RcSwitch: available() does always return false

Hello,
I´m currently trying to connect two Arduinos using 433 MHz radio modules.
Therefore I´m using the following code:

Transmitter:

#include <RCSwitch.h>

RCSwitch mySwitch = RCSwitch();
void setup() {
  mySwitch.enableTransmit(2);
  Serial.begin(9600);
}
void loop() {
  mySwitch.send(1234, 24); // sending  „1234“
  Serial.println("sent");
  delay(1000);  

}  

Receiver:

#include <RCSwitch.h>

RCSwitch mySwitch = RCSwitch();

void setup() 
{
  Serial.begin(9600);
  mySwitch.enableReceive(0);  //connecting to Interrupt pin 0 (D2)
}

void loop() {
  if (mySwitch.available()) // always returns false
  {
    int value = mySwitch.getReceivedValue(); // received data stored with "value"
  
    if (value == 0) 
    {
      Serial.println("unknown code");
    } 
    
    else 
    {
      Serial.print("received: ");
      Serial.println( mySwitch.getReceivedValue() );
    }

  }
  else {   // debugging
    Serial.println("connection failed");   
    delay(2000);
  }
  mySwitch.resetAvailable(); 
}

Connected to the transmitter module is an Arduino Nano on Pin D2, the receiver is connected to an Arduino Mega 2560, also Pin D2 (= Interrupt 0).

The problem is though, that the function available() does always return false.

Any ideas why this could be?

Thanks in advance

modify this line to:

Serial.println( value);

Thanks for your answer, that might have become a problem in the future, but in this case it still doesn´t work; the program still returns "connection failed".
I thought about it as maybe being a hardware issue, I´m actually using clones ("Funduino").

Is there some way to find out whether the Arduinos do communicate with the modules correctly?

And does anyone know what exacly the function myswitch.available() does?

It tells you the number of characters waiting to be processed from the stream "myswitch". A stream can be various things like the serial monitor, a file on an SD card, or, in this case, received from the transmitter.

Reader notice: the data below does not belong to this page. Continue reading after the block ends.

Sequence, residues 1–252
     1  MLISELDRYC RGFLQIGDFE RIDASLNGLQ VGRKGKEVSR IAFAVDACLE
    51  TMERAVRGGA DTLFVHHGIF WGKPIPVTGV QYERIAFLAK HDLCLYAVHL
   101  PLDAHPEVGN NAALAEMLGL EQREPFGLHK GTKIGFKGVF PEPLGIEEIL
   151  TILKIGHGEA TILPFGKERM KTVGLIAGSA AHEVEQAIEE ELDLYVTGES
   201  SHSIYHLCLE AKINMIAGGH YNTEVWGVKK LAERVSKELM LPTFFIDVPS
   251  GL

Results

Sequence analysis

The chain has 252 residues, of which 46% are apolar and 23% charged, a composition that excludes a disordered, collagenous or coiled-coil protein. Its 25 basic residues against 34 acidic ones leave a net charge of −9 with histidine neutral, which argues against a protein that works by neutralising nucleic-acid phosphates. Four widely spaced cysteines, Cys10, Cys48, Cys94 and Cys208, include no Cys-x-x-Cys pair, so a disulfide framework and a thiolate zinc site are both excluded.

if (mySwitch.available())

works because zero is interpreted as false and any other value is interpreted as true, because that's the way C code works.

If there are zero characters waiting, that could mean nothing has been received because the receiver circuit isn't working, or because nothing has been transmitted, because the transmitter circuit is not working. What you need to figure out, as you have already realised, is which is those two things it is.

The library you are using with the radio modules will probably come with some example transmitter and receive sketches. Load these up to find out.

It's rare that using clones is the reason that something doesn't work. Arduino hardware is "open source", so the cloners don't have to struggle to figure out how the original/genuine Arduino board works, they are free to copy the published schematics perfectly legally.

It can happen, of course. There was a brand of "clones" a little while ago that did not use genuine AVR chips in their Unos/Nanos. These caused a lot of problems. Instead they used chips that had been designed to replicate the operation of genuine AVR chips. AVR chips are not open source, so the replica chips, inevitably, were unable to behave 100% identically to the genuine chips.

I have at least one Funduino Nano. It uses a genuine AVR chip and has always performed perfectly.

Ok, I tried to use the example sketches, unfortunally still doesn´t work, but I found out something interesting.
I´m now using these sketches:
Transmitter:

#include <RCSwitch.h>

RCSwitch mySwitch = RCSwitch();

void setup() {
  mySwitch.enableTransmit(10);  // Using Pin #10
}

void loop() {
  mySwitch.send("000000000001010100010001");
  delay(1000);  
}

Receiver:

#include <RCSwitch.h>

RCSwitch mySwitch = RCSwitch();

void setup() {
  Serial.begin(9600);
  mySwitch.enableReceive(0);  // Receiver on interrupt 0 => that is pin #2
}

void loop() {
  //if (mySwitch.available()) {
    output(mySwitch.getReceivedValue(), mySwitch.getReceivedBitlength(), mySwitch.getReceivedDelay(), mySwitch.getReceivedRawdata(),mySwitch.getReceivedProtocol());
    mySwitch.resetAvailable();
    delay(2000);
  //}
}

As you can see I simply deactivated the if (mySwitch.available()) function in the receiver code.
Now I get an output that looks like this:

Decimal: 0 (0Bit) Binary: Tri-State: PulseLength: 0 microseconds Protocol: 0
Raw data: 3308,

You see, all the data is 0 or not available, except the raw data, where I get an output that is most of the time somewhere between 3200 and 3420 .
For some reason some numbers are more likely to come as an output than others, I don´t know if that is important.

But if I deactivate the transmitter, the raw data output are completely random numers, most of the time between 100 and 10000 (but still only one number per incoming data block).

I have now idea what this does mean (except that there is some kind of communication between transmitter and receiver), can anyone make sense out of that?

Then there's probably something wrong with your hardware. Post schematics and pictures of both circuits.

Here they are:

I´ve checked every single connection.
Where current is supposed to flow through, there current is able to flow through.

That probably means that I need to get new modules, right?

And, just as a matter of interest, the phenomena I described in my last post do indicate that there is at least some communication, don´t they?